DOJ provides critical support to the state’s treatment alternatives and diversion program; has increased access to lifesaving opioid antidotes; and lobbied Congress to increase access to addiction treatment.
- To increase treatment options, DOJ’s treatment alternatives and diversion (TAD) program offers offenders the opportunity to enter diversion or treatment court programs, which typically involve drug and/or alcohol treatment and other risk reduction services as a safe alternative to jail or prison confinement. Through 2018, these programs will be funded in 51 counties and two tribes, with more than $6 million provided annually to support these local programs. DOJ is also improving TAD by working with criminal justice partners to develop standards and provide training for programs, and by developing a comprehensive reporting system that will support collection of participant-level data from these programs, gathering data that will help to evaluate and inform both current and future programs.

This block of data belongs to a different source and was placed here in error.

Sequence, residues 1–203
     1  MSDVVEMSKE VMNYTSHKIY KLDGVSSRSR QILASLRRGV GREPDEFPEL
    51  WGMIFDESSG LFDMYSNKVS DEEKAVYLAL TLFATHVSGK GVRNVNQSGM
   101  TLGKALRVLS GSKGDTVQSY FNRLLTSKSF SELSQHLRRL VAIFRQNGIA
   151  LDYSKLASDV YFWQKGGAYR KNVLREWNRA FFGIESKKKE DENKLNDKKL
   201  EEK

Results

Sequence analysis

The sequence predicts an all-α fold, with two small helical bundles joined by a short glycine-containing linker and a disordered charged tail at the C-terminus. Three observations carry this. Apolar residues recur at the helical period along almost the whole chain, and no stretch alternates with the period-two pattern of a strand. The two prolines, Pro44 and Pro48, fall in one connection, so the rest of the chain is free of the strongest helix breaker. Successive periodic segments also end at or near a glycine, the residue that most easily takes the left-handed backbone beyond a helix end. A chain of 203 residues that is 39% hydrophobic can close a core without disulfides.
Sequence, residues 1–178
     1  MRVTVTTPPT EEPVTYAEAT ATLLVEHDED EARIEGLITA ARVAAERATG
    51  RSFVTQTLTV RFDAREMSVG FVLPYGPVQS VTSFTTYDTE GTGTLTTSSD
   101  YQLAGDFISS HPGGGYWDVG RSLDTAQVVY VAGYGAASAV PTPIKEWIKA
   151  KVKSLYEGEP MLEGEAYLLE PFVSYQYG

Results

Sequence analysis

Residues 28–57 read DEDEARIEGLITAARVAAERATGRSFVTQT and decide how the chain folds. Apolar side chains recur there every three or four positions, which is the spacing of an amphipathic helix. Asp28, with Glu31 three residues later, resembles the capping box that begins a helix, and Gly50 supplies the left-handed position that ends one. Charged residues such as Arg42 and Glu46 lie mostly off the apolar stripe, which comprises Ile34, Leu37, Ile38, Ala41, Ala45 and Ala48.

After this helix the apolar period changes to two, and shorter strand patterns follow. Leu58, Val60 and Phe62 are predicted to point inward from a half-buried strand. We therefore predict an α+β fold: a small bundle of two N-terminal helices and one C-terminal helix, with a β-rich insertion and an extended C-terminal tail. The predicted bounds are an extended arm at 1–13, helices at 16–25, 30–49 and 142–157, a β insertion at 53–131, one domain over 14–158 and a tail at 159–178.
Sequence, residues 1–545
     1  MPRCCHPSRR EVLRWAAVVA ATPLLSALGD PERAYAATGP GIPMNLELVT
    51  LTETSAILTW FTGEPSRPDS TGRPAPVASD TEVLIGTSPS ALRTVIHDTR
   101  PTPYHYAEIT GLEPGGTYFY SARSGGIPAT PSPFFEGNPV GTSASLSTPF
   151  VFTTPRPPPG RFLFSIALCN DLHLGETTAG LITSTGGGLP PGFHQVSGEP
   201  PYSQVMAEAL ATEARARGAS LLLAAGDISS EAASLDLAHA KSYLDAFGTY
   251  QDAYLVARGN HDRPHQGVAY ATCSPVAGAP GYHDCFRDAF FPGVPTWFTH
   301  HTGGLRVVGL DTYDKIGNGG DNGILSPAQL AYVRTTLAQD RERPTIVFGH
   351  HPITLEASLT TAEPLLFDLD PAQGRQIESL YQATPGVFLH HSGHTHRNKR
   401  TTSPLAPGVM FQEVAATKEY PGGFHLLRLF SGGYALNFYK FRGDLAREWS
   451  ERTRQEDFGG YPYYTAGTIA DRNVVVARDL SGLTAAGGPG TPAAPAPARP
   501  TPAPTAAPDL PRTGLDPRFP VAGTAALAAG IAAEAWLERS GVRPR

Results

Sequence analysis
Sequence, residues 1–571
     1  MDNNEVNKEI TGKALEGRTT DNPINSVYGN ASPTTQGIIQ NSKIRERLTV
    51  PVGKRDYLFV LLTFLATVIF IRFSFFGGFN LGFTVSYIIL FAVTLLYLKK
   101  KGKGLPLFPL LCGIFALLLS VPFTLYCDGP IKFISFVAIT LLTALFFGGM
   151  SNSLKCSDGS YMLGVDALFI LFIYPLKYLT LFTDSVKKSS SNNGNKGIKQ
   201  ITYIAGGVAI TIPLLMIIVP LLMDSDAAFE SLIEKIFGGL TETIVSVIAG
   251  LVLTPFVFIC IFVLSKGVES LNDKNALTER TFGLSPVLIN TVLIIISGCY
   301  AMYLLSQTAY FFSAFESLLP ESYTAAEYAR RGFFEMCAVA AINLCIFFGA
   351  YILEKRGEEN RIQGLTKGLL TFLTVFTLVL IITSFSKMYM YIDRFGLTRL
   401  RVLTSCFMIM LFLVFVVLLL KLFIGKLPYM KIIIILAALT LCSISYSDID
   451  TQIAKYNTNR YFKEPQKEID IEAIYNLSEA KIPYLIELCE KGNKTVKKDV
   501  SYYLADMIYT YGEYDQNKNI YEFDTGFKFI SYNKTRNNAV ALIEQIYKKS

- In 2018, local law enforcement participating in a DOJ-led pilot program will be able to divert non-violent offenders with substance use issues to a treatment option, thanks to legislation signed into law by Governor Scott Walker in July.
- Opioid-related overdoses are less likely to be fatal if naloxone, also known as Narcan®, a lifesaving opioid antidote, is accessible. DOJ has increased access to naloxone by negotiating with drug manufacturers Amphastar Pharmaceuticals and Adapt Pharma, Inc, to make naloxone available at a discounted rate to Wisconsin first responders, government agencies, and community-based organizations. DOJ’s Training & Standards Bureau also provides local law enforcement support in developing naloxone use guidelines, overdose response strategies, and fentanyl field testing training.
- Attorney General Schimel has also called on Congress to increase access to treatment. In October 2017, the attorney general sent a letter to Congress, along with a bipartisan coalition of 39 other state attorneys general, calling on Congress to pass the Road to Recovery Act, legislation that changes federal law to make treatment for drug addiction more affordable and accessible for Americans who most need it by eliminating a decades-old Medicaid rule that limits residential treatment options.